This review summarises economic research on weather and climate adaptation in developing countries. First, it documents the effects of climate change and extreme events on economic outcomes. Climate change and weather shocks negatively impact households, firms, and countries across a range of important outcomes such as income and mortality. These effects are usually quite large, and can transmit across space via supply relationships or migration, and persist across time, including in some instances for decades. Next, it reviews the evidence on the effectiveness and efficiency of various adaptation approaches. We discuss adaptation through financial products, new technologies, mobility, and government policies. The literature indicates that while households, farmers, and firms undertake a variety of adaptation measures, these are seldom able to mitigate the impacts of climate completely, indicating that policies to facilitate adaptation will likely have large welfare gains. As developing countries begin to ramp up efforts to facilitate adaptation and receive international funding for climate change adaptation, understanding how these can be best allocated to high-impact regions and policies should form a crucial set of questions for future work.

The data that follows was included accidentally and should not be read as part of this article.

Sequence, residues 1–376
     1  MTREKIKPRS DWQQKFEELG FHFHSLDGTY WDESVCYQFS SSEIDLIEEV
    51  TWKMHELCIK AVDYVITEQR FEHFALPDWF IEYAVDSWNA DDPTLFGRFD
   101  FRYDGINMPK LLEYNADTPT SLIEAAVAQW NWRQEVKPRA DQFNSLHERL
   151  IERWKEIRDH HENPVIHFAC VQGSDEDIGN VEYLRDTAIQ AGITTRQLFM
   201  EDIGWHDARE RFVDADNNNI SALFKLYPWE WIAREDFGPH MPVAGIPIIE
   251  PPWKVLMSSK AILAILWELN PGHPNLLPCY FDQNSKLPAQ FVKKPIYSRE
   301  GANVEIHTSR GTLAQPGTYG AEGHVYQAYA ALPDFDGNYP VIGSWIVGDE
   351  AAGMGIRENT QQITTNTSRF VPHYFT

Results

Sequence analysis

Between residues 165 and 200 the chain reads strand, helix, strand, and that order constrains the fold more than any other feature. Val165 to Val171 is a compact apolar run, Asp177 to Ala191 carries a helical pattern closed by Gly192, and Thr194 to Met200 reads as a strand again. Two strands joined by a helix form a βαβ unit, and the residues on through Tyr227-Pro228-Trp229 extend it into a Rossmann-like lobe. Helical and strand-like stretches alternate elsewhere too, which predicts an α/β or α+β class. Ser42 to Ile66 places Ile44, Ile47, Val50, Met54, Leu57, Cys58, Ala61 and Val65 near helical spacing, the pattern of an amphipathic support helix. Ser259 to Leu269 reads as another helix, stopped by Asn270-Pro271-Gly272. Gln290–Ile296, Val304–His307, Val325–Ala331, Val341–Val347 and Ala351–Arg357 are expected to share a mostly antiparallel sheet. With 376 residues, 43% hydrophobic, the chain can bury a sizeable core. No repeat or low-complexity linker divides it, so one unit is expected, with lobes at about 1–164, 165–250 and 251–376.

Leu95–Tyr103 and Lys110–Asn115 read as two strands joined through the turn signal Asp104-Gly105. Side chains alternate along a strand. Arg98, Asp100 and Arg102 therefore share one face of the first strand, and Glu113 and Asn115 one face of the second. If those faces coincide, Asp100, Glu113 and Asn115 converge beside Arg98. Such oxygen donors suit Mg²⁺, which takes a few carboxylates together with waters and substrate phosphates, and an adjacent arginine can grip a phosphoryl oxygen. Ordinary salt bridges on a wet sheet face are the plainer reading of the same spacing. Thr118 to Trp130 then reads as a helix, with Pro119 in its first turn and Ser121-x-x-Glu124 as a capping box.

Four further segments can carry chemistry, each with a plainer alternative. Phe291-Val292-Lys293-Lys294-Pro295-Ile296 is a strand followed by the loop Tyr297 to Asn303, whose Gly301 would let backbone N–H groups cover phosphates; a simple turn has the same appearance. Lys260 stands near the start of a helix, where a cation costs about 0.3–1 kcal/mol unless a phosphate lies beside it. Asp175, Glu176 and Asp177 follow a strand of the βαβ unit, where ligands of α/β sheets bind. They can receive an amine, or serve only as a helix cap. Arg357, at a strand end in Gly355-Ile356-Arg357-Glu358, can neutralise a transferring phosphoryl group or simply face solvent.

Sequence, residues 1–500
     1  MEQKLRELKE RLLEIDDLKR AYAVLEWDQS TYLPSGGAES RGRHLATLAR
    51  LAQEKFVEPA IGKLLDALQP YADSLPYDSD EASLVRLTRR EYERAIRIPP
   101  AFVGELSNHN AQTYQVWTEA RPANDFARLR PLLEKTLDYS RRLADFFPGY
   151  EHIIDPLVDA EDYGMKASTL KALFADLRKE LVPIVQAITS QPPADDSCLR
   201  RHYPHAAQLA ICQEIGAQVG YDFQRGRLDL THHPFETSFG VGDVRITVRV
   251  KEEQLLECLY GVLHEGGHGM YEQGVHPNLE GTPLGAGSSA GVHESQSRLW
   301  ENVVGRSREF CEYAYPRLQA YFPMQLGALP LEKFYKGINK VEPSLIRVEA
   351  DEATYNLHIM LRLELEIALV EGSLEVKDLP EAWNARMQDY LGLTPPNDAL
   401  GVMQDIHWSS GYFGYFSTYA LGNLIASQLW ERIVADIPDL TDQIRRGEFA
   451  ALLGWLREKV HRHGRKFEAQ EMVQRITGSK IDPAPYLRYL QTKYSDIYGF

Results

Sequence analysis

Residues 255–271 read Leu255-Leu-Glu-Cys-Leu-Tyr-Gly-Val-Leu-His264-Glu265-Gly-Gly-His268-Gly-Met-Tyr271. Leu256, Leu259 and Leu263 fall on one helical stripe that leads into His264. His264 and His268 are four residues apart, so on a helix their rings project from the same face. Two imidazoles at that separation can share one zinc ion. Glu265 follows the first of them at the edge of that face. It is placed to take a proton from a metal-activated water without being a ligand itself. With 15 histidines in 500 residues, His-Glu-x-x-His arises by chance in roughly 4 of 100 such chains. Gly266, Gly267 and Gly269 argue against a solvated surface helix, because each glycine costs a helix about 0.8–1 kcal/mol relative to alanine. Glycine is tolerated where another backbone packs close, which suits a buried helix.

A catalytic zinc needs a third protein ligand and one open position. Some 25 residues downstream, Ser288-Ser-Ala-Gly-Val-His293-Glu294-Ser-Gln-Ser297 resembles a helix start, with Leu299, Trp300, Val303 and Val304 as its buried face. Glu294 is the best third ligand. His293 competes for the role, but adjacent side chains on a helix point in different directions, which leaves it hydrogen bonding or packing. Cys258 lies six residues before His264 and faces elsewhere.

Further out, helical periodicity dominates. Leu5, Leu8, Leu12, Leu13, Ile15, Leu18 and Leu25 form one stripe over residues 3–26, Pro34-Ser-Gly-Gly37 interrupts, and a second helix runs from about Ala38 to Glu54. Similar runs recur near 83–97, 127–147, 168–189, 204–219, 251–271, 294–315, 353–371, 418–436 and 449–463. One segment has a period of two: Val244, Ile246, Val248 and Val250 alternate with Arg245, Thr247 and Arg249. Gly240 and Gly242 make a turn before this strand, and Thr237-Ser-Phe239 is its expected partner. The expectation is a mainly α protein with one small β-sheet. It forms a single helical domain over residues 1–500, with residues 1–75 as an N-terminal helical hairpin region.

Presentation of key takeaways
For our launch event, Namrata Kala joined us to present the key takeaways from this VoxDevLit, highlighting policy relevant results from recent economic research on climate adaptation.